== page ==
Cardiovascular diseases (CVDs) are the leading cause of death worldwide. An expanding body of evidence supports the role of human microbiome in the establishment of CVDs and, this has gained much attention recently. This work was aimed to study the circulating human microbiome in CVD patients and healthy subjects. The levels of circulating cell free DNA (circDNA) was higher in CVD patients (n?=?80) than in healthy controls (n?=?40). More specifically, the relative levels of circulating bacterial DNA and the ratio of 16S rRNA/?-globin gene copy numbers were higher in the circulation of CVD patients than healthy individuals. In addition, we found a higher circulating microbial diversity in CVD patients (n?=?3) in comparison to healthy individuals (n?=?3) by deep shotgun sequencing. At the phylum level, we observed a dominance of Actinobacteria in CVD patients, followed by Proteobacteria, in contrast to that in healthy controls, where Proteobacteria was predominantly enriched, followed by Actinobacteria. The circulating virome in CVD patients was enriched with bacteriophages with a preponderance of Propionibacterium phages, followed by Pseudomonas phages and Rhizobium phages in contrast to that in healthy individuals, where a relatively greater abundance of eukaryotic viruses dominated by Lymphocystis virus (LCV) and Torque Teno viruses (TTV) was observed. Thus, the release of bacterial and viral DNA elements in the circulation could play a major role leading to elevated circDNA levels in CVD patients. The increased circDNA levels could be either the cause or consequence of CVD incidence, which needs to be explored further.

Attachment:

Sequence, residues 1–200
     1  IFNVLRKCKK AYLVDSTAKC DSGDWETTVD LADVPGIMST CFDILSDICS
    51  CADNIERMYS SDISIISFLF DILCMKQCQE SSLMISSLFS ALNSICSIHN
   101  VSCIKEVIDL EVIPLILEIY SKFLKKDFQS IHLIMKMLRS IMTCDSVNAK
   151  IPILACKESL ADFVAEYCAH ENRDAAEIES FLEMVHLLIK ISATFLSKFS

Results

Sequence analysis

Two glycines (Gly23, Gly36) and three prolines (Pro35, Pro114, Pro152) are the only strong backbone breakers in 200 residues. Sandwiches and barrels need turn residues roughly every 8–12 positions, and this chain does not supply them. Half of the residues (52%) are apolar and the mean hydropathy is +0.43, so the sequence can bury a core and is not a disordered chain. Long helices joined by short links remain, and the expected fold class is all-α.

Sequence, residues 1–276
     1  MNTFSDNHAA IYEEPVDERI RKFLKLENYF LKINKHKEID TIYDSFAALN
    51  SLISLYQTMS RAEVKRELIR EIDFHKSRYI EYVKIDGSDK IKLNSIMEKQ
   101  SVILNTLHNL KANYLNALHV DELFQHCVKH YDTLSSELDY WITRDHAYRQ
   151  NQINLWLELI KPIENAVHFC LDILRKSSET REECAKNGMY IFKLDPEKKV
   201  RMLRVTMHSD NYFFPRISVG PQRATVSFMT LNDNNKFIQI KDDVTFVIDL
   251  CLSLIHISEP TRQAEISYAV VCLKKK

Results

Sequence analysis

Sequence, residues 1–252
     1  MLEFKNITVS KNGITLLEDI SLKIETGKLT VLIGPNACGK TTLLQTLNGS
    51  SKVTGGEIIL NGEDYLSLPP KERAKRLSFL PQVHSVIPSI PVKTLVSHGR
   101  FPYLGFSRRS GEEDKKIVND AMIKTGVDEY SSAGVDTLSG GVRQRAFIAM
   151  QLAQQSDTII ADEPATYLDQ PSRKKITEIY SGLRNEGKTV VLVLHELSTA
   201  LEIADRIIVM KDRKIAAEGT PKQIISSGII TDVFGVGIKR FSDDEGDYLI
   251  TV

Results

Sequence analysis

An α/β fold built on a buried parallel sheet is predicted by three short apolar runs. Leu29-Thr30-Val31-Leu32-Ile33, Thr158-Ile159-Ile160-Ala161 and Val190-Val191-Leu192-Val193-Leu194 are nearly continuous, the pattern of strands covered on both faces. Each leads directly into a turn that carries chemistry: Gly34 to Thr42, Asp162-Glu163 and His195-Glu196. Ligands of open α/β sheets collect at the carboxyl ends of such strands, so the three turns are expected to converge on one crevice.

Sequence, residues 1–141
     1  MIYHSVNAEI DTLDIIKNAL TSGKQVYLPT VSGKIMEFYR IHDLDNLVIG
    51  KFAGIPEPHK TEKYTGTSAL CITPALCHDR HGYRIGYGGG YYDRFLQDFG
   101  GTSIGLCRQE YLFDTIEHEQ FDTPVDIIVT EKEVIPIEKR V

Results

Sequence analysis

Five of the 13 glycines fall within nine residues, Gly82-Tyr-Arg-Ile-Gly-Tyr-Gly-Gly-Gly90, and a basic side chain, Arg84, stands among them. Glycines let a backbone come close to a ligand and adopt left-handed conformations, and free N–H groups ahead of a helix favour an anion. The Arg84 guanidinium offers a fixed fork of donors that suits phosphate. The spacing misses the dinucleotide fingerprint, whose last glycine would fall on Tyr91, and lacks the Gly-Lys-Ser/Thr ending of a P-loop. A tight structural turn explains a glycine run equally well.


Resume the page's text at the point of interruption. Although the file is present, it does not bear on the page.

Lactobacillus fermentum is a lactic acid bacterium of probiotic importance, which is found ubiquitously in fermented milk products. Bile salt hydrolase (BSH) has a significant role in affording probiotic properties to lactobacilli. In the present study, two bsh genes encoding BSH1 and BSH2 were identified from the draft genome sequence of L. fermentum MTCC 8711. Nucleotide comparison revealed no significant similarity between bsh1 and bsh2 genes, whereas the deduced amino acid sequences showed 26 % sequence similarity between both BSH1 and BSH2. Pfam analysis revealed the presence of cys-2 active site residues in the catalytic pocket of both BSH1 and BSH2 highly essential for catalysis. Phylogentic analysis of BSH1 and BSH2 revealed the possible independent origin of these proteins in Lactobacillus. We cloned these genes in pSLp111.3, a Lactobacillus expression vector with signal peptide A (slpA) and expressed in the native L. fermentum strain for overexpression and extracellular secretion. The bsh1 gene failed to express and to produce promising BSH activity. However, bsh2 gene was overexpressed and the recombinant strain showed improved BSH activity. Induction of the recombinant strain with an optimal 2 % xylose concentration secreted 0.5 U/ml of the BSH into extracellular medium. Furthermore, the recombinant strain was able to completely assimilate the 100-?g/ml cholesterol within 24 h, whereas the native strain took 72 h for the complete assimilation of cholesterol.